The Internal Revenue Service will stop sending private debt collectors after poor people with old tax debts thanks to a bill Congress passed this week.
The provision is part of a broader IRS reform that previously benefited tax preparation companies that trick people into paying for online tax filing when it’s supposed to be free.
Lawmakers scrapped the tax prep provision after a series of ProPublica stories exposed the industry’s dirty tricks. The new version of the bill passed both the House and Senate unanimously this week and is on its way to President Donald Trump’s desk.
Tax collection is one of the most basic functions of government, but since the 1990s lawmakers have dabbled in outsourcing this fundamental IRS task to private companies that are notorious for abusing consumers.
The Taxpayer First Act says that the IRS can’t refer old tax debts to private tax collectors if the taxpayer’s income is within 200 percent of the federal poverty line, meaning a four-person household with an annual income of less than $50,000 should be protected.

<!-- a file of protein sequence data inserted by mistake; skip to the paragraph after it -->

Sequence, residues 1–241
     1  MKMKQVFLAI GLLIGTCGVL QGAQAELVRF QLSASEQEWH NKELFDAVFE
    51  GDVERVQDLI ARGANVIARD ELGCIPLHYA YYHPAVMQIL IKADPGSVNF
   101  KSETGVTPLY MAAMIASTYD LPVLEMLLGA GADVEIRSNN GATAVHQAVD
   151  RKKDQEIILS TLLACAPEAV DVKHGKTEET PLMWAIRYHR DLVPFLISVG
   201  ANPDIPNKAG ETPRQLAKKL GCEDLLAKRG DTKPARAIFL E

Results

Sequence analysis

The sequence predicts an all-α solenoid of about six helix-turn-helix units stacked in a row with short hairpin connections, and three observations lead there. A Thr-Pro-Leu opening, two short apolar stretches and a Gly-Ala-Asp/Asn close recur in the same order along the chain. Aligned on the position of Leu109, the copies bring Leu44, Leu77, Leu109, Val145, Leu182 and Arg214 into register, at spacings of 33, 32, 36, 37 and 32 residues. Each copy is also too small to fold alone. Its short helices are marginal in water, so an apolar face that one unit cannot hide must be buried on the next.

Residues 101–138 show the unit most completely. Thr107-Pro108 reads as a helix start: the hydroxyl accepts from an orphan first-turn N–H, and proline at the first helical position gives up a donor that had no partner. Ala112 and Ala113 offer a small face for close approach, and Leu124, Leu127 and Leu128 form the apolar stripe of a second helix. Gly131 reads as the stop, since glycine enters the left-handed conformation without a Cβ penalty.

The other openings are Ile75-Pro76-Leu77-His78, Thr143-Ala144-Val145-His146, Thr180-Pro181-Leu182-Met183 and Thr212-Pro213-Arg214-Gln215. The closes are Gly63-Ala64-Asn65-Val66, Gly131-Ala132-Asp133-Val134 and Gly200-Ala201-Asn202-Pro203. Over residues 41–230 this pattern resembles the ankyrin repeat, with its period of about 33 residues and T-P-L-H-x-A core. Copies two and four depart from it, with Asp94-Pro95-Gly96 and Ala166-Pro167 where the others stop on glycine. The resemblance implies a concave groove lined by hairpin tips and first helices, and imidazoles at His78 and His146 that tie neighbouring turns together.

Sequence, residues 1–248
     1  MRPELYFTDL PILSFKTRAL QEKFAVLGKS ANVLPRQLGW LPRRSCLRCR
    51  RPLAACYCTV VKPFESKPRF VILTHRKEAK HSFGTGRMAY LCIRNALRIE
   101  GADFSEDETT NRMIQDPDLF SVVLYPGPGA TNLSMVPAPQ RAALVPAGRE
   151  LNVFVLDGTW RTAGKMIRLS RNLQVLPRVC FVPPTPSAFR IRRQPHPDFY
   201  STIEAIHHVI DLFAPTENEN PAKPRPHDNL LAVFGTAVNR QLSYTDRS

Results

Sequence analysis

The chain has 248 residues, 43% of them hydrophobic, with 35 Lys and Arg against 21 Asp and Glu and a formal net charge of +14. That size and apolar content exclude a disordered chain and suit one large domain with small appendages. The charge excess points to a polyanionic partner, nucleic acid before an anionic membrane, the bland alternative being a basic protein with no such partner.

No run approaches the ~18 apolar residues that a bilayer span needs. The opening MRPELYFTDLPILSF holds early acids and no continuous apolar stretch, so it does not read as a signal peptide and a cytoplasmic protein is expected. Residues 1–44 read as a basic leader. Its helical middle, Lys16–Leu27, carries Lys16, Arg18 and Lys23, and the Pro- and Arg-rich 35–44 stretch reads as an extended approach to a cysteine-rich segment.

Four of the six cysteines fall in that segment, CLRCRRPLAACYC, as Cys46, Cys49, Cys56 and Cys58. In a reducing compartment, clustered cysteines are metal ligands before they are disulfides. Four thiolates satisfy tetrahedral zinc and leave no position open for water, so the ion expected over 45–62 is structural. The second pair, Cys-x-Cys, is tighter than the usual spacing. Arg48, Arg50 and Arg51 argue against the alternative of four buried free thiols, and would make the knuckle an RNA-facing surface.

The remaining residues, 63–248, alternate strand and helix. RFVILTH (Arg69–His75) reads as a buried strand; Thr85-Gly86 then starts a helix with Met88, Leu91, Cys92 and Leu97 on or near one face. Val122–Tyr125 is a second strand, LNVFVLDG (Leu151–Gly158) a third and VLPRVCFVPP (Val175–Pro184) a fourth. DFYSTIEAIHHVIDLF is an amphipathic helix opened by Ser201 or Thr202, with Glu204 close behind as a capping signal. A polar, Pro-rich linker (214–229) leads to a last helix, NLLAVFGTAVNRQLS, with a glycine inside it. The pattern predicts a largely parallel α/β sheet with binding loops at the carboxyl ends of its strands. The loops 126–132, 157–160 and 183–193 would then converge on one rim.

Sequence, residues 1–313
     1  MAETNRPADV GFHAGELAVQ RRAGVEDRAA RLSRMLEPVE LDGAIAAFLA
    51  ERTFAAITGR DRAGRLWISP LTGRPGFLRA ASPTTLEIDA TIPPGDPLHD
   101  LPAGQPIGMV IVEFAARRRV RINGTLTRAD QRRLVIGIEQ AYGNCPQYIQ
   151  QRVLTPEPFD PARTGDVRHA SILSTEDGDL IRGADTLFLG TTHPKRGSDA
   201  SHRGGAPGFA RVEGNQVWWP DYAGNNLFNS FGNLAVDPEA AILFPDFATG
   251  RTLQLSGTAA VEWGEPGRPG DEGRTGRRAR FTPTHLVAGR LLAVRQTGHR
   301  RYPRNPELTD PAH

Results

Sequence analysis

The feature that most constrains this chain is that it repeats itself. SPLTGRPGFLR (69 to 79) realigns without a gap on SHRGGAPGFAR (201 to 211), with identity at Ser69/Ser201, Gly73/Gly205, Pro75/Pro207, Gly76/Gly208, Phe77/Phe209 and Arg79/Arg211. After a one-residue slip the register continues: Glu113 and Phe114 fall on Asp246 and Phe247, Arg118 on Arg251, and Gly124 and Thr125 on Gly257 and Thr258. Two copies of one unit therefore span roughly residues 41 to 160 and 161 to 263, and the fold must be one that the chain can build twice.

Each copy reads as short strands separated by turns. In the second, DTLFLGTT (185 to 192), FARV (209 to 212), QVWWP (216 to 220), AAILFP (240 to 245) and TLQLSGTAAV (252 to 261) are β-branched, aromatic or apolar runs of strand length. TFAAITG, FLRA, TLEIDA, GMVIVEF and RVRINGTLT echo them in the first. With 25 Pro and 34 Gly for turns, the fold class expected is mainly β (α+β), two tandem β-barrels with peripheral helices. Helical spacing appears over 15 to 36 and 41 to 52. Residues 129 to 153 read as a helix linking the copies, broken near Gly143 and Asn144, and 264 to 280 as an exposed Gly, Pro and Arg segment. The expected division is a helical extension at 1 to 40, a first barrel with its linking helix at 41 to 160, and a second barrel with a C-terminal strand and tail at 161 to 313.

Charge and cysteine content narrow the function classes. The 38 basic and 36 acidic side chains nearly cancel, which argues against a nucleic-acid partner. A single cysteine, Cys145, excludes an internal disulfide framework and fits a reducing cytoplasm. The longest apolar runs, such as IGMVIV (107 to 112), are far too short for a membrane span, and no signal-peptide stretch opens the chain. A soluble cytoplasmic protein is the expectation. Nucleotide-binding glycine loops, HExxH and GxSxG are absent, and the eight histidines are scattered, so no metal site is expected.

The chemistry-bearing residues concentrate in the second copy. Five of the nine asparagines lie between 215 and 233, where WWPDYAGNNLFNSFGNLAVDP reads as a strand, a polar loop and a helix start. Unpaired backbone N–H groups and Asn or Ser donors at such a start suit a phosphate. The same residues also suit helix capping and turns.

Nearly half of the taxpayers who have agreed to pay after being contacted by private collectors had incomes beneath 250 percent of the poverty line, according to the National Taxpayer Advocate, an IRS in-agency watchdog. Democrats originally wanted to set the threshold at that level but compromised at 200 percent.
The legislation is not a total victory for consumer advocates since the private debt collection program still exists. Mandi Matlock, a tax attorney who is of counsel to the National Consumer Law Center, said Congress should scrap it entirely.
“This whole program is a rank waste of taxpayer money,” Matlock said.
Past iterations of the private tax collection initiative cost the government more than the companies collected, and the current version, launched in 2017, is bringing in more revenue but has still proven to be less effective than the IRS itself at recovering unpaid taxes, the Taxpayer Advocate has said.
Republicans and Democrats alike hailed the bill for its provisions improving IRS customer service, while Democrats also emphasized the debt collector provision. Sen. Ron Wyden (D-Ore.), who co-sponsored the bill, said it would “shield low-income taxpayers from abusive private debt collectors.”
Debt collectors aren’t crying much about their treatment by the government during the Trump era, however, as a recent administration proposal would allow them to send debtors unlimited texts and emails.